Jake reports that he “will never forget” an inspiring hospital worker named “Donna” whom he met during a southern California contract campaign in 2006-7. (What Jake does forget to mention is that Donna and her co-workers at Riverside Community Hospital are part of United Healthcare Workers-West; that’s the SEIU affiliate where tens of thousands of members—perhaps Donna herself next?—are trying to flee SEIU because Stern removed all their elected leaders in January and put the entire 150,000-member local under trusteeship.)

Flaunting his own personal connections to the rank-and-file, Stern begins his talk by bringing Shirley Cheeseboro to the podium, an earnest African-American woman from the Bronx. Shirley’s been a N.Y.C. laundry worker for 28 years, she tells me later. She started out as a member of the Laundry & Dry Cleaning Workers Union, which then became part of the Amalgamated Clothing and Textile Workers, which later became UNITE, which then became UNITE-HERE, which has now split into the UNITE-HERE majority faction, led by Wilhelm, and Workers United, led by Raynor, which, as noted above, just joined SEIU. Shirley’s bargaining unit stuck with Raynor so she went to the founding meeting of WU in Philly. Andy Stern has been her national union president for about 12 days.

That’s just fine with Andy because, in his introduction of Shirley, he omits the entire organizational history above. His new member testifies convincingly that “a union is important, it helps a lot, and takes you a long way”—leading many in the audience to think that she was just involved in SEIU organizing, rather than the top-down acquisition of a group unionized for decades. This “victory” notwithstanding, it remains unclear where Shirley’s shop or WU overall fits into SEIU’s “core jurisdictions”—health care, property services, and government employment.

So, when it comes time for questions, I hit the mike with a gentle reminder that Stern’s four-year old federation, Change To Win, seems to have forgotten one of its founding principles—namely, that unions should stick to their own jurisdiction, instead of poaching on the turf of others? Could Stern’s current designs on hotels, casinos, and other culinary work sites be the reason why his former partner is now calling him a brazen, imperialistic, messianic union czar?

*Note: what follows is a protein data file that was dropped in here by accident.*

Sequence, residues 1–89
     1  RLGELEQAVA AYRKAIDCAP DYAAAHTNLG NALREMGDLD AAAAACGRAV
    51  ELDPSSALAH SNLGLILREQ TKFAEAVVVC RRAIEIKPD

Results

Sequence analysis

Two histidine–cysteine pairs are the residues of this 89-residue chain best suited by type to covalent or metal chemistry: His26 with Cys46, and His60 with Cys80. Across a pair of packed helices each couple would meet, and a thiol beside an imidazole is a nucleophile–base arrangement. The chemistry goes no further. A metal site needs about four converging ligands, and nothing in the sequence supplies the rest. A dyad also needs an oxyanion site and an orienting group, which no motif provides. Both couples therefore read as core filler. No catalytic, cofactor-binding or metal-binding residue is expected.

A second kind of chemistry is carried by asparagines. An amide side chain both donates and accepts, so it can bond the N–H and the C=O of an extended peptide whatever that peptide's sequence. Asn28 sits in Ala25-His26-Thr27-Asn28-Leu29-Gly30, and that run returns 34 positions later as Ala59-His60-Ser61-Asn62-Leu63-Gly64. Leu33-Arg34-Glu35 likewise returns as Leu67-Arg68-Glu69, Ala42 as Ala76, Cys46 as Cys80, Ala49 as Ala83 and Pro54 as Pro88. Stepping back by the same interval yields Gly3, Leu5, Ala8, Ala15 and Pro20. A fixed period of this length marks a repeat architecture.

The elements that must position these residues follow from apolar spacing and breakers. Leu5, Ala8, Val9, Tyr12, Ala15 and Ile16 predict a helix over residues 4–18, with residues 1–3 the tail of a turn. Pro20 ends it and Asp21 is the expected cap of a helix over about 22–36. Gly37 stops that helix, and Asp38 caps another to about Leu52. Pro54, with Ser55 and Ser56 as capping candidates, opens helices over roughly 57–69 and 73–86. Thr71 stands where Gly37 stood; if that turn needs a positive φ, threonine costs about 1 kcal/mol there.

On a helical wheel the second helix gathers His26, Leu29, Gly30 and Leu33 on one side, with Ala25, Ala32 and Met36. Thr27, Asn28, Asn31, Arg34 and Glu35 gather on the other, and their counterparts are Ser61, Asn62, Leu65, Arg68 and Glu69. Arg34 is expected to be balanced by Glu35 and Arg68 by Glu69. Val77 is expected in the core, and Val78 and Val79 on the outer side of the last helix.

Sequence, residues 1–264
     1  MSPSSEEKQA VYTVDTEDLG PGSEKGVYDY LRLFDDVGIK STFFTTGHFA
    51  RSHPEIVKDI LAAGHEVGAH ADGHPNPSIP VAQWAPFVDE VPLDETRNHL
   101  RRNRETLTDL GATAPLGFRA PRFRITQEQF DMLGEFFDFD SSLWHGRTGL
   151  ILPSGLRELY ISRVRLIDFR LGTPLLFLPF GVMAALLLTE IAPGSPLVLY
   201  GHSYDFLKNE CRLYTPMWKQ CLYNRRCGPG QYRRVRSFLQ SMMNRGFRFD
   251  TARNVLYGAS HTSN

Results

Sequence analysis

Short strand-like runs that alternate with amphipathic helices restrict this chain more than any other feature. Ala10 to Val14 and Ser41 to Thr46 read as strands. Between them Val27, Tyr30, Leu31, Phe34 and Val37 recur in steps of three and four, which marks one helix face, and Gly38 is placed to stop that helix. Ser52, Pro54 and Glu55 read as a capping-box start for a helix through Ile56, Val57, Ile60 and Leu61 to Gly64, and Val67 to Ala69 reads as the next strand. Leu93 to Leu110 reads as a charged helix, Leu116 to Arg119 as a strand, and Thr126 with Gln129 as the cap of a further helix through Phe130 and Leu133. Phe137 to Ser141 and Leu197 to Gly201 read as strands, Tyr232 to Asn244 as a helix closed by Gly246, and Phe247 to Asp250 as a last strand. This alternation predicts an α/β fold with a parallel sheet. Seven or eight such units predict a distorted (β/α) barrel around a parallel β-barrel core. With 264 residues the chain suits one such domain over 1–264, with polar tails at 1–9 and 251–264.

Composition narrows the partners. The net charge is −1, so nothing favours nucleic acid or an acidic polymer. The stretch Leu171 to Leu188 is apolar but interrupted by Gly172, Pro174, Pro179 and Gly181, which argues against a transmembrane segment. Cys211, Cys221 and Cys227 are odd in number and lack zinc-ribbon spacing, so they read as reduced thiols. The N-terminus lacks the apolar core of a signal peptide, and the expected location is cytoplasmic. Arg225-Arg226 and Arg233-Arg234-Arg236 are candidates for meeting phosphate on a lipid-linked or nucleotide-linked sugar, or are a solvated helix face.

Stern jokes that this is just what John “calls me on a good day.” He then explains, in unconvincing fashion, that a recent convergence in corporate ownership of hotels and other commercial real estate properties has created a fortuitous jurisdictional overlap between Wilhelm’s organization and his own. With a look of total innocence and sincerity, Stern professes “no desire to compete in organizing hotels.” Instead, he envisions a bright future in which SEIU and what’s left of Wilhelm’s union will work together cooperatively, “just as we do with AFSCME in home care.” (Since only one question/statement per customer is allowed–and Andy looks eager to change the subject—I don’t get a chance to point out that SEIU and the American Federation of State, County, and Municipal Employees –AFSCME–have, in fact, feuded over home-based workers in California, Illinois, Iowa, and other states.)

In response to later queries from the floor, Stern does equally well in the unintended humor department. For example, a student asks him what makes for a good union. First on Andy’s list: “If I was being hypothetical, I’d say democracy”—an answer that produced not a titter of laughter, although it should have elicited major guffawing, given how hypothetical democracy is in SEIU these days. Several questions later, a Harvard worker, employed at the law school, hits the jackpot with a question about Stern’s stance on salary cuts for Harvard bosses, including its new president Drew Gilpin Faust. Like her predecessor Larry Summers, Faust earns nearly $600,000 a year—not as much as Wilhelm and Raynor combined, but close. Rather than laying off SEIU janitors, as Harvard is doing now, shouldn’t the university cut costs by paying its top brass less, the worker wants to know. Thinking perhaps of future Harvard invitations—or maybe just a longer stint, someday, at the Kennedy School– Stern refuses to play populist with the president’s pay. “I really don’t like pitting people against each other, “ he asserts demurely, a statement that John Wilhelm and many others may find hard to believe.